One of my recent projects had a requirement to take a list of points and a list of polygons (of any order), and determine which points were in which polygons. I find this problem interesting, because the solution is not apparent, but it is easy to implement.

One common algorithm is called the ray casting algorithm. You can read more about the ray casting algorithm on Wikipedia. My buddy Google was able to find another great resource with some sample Java code.

After an initial performance test, I found this algorithm to be extremely fast. I was able to process over 200,000 checks in under a second.

I converted the code to something a little more object oriented. I wanted a class that would represent a Polygon, and also have a method that would tell me if a point was contained within it. I'm including the code in the hopes that it may help someone else one day:

``````/// <summary>
///      Represents a geometric polygon made up of any number of sides, defined by <see cref="PointF"/> structures
///      between those points.
/// </summary>
public class Polygon
{
private readonly PointF[] _vertices;

/// <summary>
///     Creates a new instance of the <see cref="Polygon"/> class with the specified vertices.
/// </summary>
/// <param name="vertices">
///     An array of <see cref="PointF"/> structures representing the points between the sides of the polygon.
/// </param>
public Polygon(PointF[] vertices)
{
_vertices = vertices;
}

/// <summary>
///     Determines if the specified <see cref="PointF"/> if within this polygon.
/// </summary>
/// <remarks>
///     This algorithm is extremely fast, which makes it appropriate for use in brute force algorithms.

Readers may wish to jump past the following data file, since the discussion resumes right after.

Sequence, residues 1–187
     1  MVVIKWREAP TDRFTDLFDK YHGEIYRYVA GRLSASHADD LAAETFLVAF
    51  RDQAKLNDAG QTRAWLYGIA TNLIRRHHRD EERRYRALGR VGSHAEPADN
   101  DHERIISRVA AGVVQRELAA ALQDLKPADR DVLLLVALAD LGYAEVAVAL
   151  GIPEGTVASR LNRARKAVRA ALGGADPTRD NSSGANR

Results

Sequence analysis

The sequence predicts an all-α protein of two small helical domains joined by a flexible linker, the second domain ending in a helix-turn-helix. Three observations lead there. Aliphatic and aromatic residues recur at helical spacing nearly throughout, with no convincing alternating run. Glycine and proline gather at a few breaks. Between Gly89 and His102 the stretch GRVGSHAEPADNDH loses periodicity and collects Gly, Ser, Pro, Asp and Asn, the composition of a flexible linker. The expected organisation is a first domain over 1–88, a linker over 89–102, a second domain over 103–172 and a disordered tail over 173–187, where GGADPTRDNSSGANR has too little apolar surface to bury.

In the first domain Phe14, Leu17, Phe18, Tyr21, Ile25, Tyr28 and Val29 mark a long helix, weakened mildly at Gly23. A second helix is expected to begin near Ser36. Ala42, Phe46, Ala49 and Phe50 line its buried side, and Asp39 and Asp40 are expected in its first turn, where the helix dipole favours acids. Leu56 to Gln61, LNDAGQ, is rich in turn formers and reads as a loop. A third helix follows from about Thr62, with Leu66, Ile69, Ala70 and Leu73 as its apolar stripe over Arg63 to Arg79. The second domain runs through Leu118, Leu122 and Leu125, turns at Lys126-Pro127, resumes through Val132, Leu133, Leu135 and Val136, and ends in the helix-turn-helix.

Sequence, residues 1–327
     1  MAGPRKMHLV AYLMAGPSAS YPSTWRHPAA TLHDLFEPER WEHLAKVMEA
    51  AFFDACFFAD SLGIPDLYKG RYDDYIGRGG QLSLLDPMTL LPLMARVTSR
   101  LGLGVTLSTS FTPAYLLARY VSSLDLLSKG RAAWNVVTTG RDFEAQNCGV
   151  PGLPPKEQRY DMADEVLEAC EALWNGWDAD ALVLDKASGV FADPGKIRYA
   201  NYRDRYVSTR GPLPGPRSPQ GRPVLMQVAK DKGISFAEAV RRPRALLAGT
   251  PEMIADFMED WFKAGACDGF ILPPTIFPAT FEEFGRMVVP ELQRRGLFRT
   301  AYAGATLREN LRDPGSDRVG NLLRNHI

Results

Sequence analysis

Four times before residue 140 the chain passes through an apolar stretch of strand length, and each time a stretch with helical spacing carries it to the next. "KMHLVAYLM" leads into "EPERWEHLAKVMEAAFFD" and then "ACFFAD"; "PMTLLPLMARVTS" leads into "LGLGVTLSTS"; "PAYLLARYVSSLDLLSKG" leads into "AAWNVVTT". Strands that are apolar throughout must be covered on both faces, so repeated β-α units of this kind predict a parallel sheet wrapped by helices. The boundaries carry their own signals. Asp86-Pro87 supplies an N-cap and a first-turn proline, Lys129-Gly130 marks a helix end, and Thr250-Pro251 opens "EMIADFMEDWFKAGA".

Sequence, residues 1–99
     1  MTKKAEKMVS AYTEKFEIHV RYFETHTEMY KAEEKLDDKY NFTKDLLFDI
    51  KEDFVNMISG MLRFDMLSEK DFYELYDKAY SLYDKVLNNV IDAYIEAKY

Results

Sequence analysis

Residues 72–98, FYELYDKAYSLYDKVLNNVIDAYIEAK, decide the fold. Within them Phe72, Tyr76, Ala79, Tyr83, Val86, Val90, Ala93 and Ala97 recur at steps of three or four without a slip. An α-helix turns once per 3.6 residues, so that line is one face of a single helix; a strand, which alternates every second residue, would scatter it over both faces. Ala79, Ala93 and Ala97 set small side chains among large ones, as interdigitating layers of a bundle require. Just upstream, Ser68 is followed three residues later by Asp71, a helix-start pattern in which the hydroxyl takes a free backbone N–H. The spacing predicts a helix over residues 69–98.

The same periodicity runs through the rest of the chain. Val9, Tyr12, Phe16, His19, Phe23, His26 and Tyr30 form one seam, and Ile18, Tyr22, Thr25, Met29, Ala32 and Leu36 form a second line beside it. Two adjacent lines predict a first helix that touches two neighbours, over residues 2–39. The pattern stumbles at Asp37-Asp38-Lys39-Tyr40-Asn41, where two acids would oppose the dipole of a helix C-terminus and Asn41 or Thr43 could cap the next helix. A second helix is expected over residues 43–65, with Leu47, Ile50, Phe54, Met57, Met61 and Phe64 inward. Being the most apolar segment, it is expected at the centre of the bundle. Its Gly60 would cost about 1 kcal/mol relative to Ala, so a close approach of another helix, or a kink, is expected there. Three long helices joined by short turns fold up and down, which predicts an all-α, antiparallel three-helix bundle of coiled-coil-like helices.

/// </remarks>
/// <param name="point">
///     The point containing the x,y coordinates to check.
/// </param>
/// <returns>
///     <c>true</c> if the point is within the polygon, otherwise <c>false</c>
/// </returns>
public bool PointInPolygon(PointF point)
{
var j = _vertices.Length - 1;
var oddNodes = false;

for (var i = 0; i < _vertices.Length; i++)
{
if (_vertices[i].Y < point.Y && _vertices[j].Y >= point.Y ''
_vertices[j].Y < point.Y && _vertices[i].Y >= point.Y)
{
if (_vertices[i].X +
(point.Y - _vertices[i].Y)/(_vertices[j].Y - _vertices[i].Y)*(_vertices[j].X - _vertices[i].X) < point.X)
{
oddNodes = !oddNodes;
}
}
j = i;
}

return oddNodes;
}
}``````

Of course I can't write a class without the appropriate unit tests:

``````[TestClass]
public class PolygonTests
{
[TestMethod]
public void PointInPolygon_InnerPoint_ContainedWithinPolygon()
{
var vertices = new PointF
{
new PointF(1, 3),
new PointF(1, 1),
new PointF(4, 1),
new PointF(4, 3)
};

var p = new Polygon(vertices);

Assert.AreEqual(true, p.PointInPolygon(new PointF(2,2)));
}

[TestMethod]
public void PointInPolygon_OuterPoint_NotContainedWithinPolygon()
{
var vertices = new PointF
{
new PointF(1, 3),
new PointF(1, 1),
new PointF(4, 1),
new PointF(4, 3)
};

var p = new Polygon(vertices);

Assert.AreEqual(false, p.PointInPolygon(new PointF(5,3)));
}

[TestMethod]
public void PointInPolygon_DiagonalPointWithin()
{
var vertices = new PointF
{
new PointF(1, 3),
new PointF(1, 1),
new PointF(4, 1)
};

var p = new Polygon(vertices);

Assert.AreEqual(true, p.PointInPolygon(new PointF(2, 2)));
}

[TestMethod]
public void PointInPolygon_DiagonalPointOut()
{
var vertices = new PointF
{
new PointF(1, 3),
new PointF(1, 1),
new PointF(4, 1)
};

var p = new Polygon(vertices);

Assert.AreEqual(false, p.PointInPolygon(new PointF(3, 3)));
}

[TestMethod]
public void PointInPolygon_PerformanceTest()
{
var vertices = new PointF
{
new PointF(1, 3),
new PointF(1, 1),
new PointF(4, 1),
new PointF(4, 3)
};

var p = new Polygon(vertices);

var sw = new Stopwatch();
sw.Start();

for(var i = 0; i < 200000; i++)
p.PointInPolygon(new PointF(2, 2));

sw.Stop();

Assert.IsTrue(sw.Elapsed.TotalSeconds < 1);
}
}``````

The last unit test was only to determine if this method was going to be performant enough for the scenario I wanted to use it in. You may want to remove it or mark it as explicit if you can to avoid timing issues affecting your test outcomes.

If anyone see's a bug, let me know!